- Read descriptions and look at the screenshots: bogus apps might have grammar errors, low quality or non-existing screenshots, etc.
- When in doubt… simply don’t install the app!
Finally, if you spot a fake or suspicious app be a good user and report it. Google has the option under Additional Information; also share with your social media peeps, this is the best way to create awareness.
December 2017 was a relatively slow month in cybersecurity, but something is for sure in this industry: nothing stays the same for too long…
2018 started with the disclosure of two security vulnerabilities that affect some Intel and AMD processors called SPECTRE and MELTDOWN. I will spare you the technical mumbo jumbo but what I will tell you is that this is a very serious issue that – if exploited and so far, it hasn’t been – can compromise virtually any computer, tablet and smartphone in the planet. Yes, you read it right… Skynet is coming for us ☹
According to security expert Aryeh Goretsky, “reportedly the issue is that programs running in user-mode address space (the “normal” range of memory in which application software, games and the like run) on a computer can infer or “see ” some of the information stored in kernel-mode address space (the “protected” range of memory used to contain the operating system, its device drivers, and sensitive information such as passwords and cryptography certificates)”. Bruce Schneier adds “They affect computers where an untrusted browser window can execute code, phones that have multiple apps running at the same time, and cloud computing networks that run lots of different processes at once. Fixing them either requires a patch that results in a major performance hit, or is impossible and requires a re-architecture of conditional execution in future CPU chips”.
What do you need to do? Since this is not a Windows-only issue, at this point there is not much. Apple recommends only to install applications from trusted sources like the Apple Store; Microsoft has released patch updates (hence the need to keep your computer’s operating system always up to date) and Google is actively posting information on updates (their Project Zero unit was among the researchers who found the flaw). Also, keep your antivirus running and updated. Other vendors are working very hard on patches that will get deployed automatically in the upcoming days.
We live in interconnected and complicated times and the word “hack” has become a new normal in daily conversations. People are more and more concerned about hackers, data loss and cyber security in general.
Many of our clients ask, “how can we make sure we’re not hacked” and unfortunately, the answer is “you can’t” … it is practically impossible to prevent or block 100% of everything that’s out there. Here is where the term “threat modeling” comes to play.
Threat modeling is hacker lingo for determining how likely you are to be hacked: do you use the same basic passwords on everything? Is an ex coming after you looking for compromising information? The list goes on an on.
The Electronic Frontier Foundation (https://www.eff.org/) recommend asking yourself these questions when threat modeling:
- What do you want to protect?
- Who do you want to protect it from?
- How likely is it that you will need to protect it?
- How bad are the consequences if you fail?
- How much trouble are you willing to go through in order to try to prevent those?
If the answer to any of these questions gives you the chills, then it is time to take your digital safety seriously; however, just because there are more threats out there doesn’t mean you have to simply go live in a cave.
Here are some practical and easy steps you can take towards minimizing and mitigating the effects of a cyber attack (of course these are basic but a good start nonetheless):
- Keep your passwords safe and change them periodically
- Don’t reuse passwords
- Keep your software updated and download available patches
- Implement two-factor authentication as much as possible
- Backup, backup, backup: use an online backup service like iDrive or Carbonite that provides “versioning” which is multiple different copies of your files
- Keep your mobile devices locked (PIN) and up to date
As usual if you have any questions about this or any I.T. or computer topic don’t hesitate to contact us!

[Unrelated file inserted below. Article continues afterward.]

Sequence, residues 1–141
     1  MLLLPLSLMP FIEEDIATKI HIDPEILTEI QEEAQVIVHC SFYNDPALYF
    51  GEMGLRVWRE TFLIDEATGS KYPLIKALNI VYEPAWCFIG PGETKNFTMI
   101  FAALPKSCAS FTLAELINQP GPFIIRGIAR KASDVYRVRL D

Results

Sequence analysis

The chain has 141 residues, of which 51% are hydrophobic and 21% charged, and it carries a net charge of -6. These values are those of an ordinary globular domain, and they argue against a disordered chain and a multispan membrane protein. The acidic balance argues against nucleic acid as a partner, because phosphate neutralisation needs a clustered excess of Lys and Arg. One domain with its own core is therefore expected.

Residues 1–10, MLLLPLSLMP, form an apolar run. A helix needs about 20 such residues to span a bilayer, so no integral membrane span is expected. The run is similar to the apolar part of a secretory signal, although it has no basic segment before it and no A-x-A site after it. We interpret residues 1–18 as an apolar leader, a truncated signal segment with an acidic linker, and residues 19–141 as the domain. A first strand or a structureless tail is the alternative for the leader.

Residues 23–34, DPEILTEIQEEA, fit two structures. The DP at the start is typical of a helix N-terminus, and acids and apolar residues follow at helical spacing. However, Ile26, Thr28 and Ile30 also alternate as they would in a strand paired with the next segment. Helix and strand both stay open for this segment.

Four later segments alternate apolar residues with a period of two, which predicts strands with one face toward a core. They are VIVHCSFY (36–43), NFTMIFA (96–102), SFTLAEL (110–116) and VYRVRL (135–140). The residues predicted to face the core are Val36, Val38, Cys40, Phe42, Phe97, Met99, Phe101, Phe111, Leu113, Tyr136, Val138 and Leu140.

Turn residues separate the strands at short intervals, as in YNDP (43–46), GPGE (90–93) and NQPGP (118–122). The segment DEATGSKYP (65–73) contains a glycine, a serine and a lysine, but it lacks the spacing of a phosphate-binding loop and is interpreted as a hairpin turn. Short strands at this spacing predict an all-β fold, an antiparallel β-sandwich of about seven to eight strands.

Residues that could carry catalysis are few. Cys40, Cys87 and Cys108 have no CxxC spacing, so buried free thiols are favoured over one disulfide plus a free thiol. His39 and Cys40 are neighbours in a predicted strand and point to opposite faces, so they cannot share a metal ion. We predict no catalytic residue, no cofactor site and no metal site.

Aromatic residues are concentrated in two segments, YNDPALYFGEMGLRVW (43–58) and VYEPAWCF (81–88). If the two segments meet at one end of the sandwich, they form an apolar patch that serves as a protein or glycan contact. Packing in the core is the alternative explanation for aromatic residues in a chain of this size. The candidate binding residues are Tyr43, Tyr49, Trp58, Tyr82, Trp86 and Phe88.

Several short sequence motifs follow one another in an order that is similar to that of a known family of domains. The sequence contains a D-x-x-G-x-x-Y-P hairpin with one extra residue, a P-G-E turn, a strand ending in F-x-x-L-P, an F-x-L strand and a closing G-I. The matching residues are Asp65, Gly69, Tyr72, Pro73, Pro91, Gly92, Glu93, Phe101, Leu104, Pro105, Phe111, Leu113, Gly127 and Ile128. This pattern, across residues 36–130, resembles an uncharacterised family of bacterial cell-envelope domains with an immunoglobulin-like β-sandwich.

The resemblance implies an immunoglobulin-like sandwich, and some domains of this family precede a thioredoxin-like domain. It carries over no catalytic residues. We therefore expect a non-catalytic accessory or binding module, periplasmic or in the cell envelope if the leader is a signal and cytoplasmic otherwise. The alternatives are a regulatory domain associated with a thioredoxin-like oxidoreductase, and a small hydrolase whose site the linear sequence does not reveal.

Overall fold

Reading an article on a well-known cyber security website I thought it was a really good idea to post about the most common mistakes people make when buying something online and how to keep your personal and financial information safe from scammers/hackers/bad guys in general.
So let’s get straight to the meat and potatoes:
Common Mistakes/Oversights and How You Can Avoid Them:
- It sounds counter-intuitive but “Googling” stuff sometimes is really a bad idea; the reason is very simple: scammers are now very sophisticated and they create fake shopping pages that look very impressive, with shopping carts and checkout pages.
- If you shop at a brick and mortar store and want to try the online experience, go directly to the store web address instead of using a search engine like Google.
- Watch out for email offers and coupons that have links you’re supposed to click to that might redirect you to a fake or dangerous website. Again, if you get one of those coupons from a store you shop at and trust, simply go directly to their website and I can guarantee you at checkout you’ll have the option to enter the coupon or promo code (if it’s not, simply call them and ask).
- DO NOT USE PUBLIC WIFI WHEN SHOPPING ONLINE: I know using all caps is rude, but I don’t care… using public Wi-Fi is a well-known security hole you open on your computer every time you go and get your latte.
- Avoid using QR codes: you know those weird codes with a bunch of squares that are supposed to give you special offers? It has been reported that bad guys create those phony codes to link to a phishing or malware websites. I’d suggest applying #3 suggestion here as well.
- According to Malwarebytes website (which I totally endorse), Do not use debit cards to shop online. Want to give cyber criminals direct access to your bank account? Then by all means, use your debit card! Otherwise, play it safe by using credit cards or a PayPal account that’s linked to a credit card. While many banks are cracking down on fraudulent withdrawals, you’ll still have to wait for your money while they investigate the charges
- Make sure you have a security software installed BEFORE going online shopping. Most of current commercial antiviruses and security suites have a website protection built in and might work (or not) but it is much better than nothing – Also make sure your Operating System (Windows or Mac) is up to date.
- Be very skeptic of websites that ask you too much information like social insurance numbers, password reminder questions or stuff like that
- Check the HTTP on the URL bar (top of the browser) and make sure the shopping cart and the checkout page has HTTPS instead of HTTP; the “S” stands for secured and it has encryption to protect data transmission.
These are some of the most common mistakes and practices, I’m confident if you follow them and keep a bit objective you’ll be fine. Also remember that if you see a deal online that is too good to be true, maybe it is…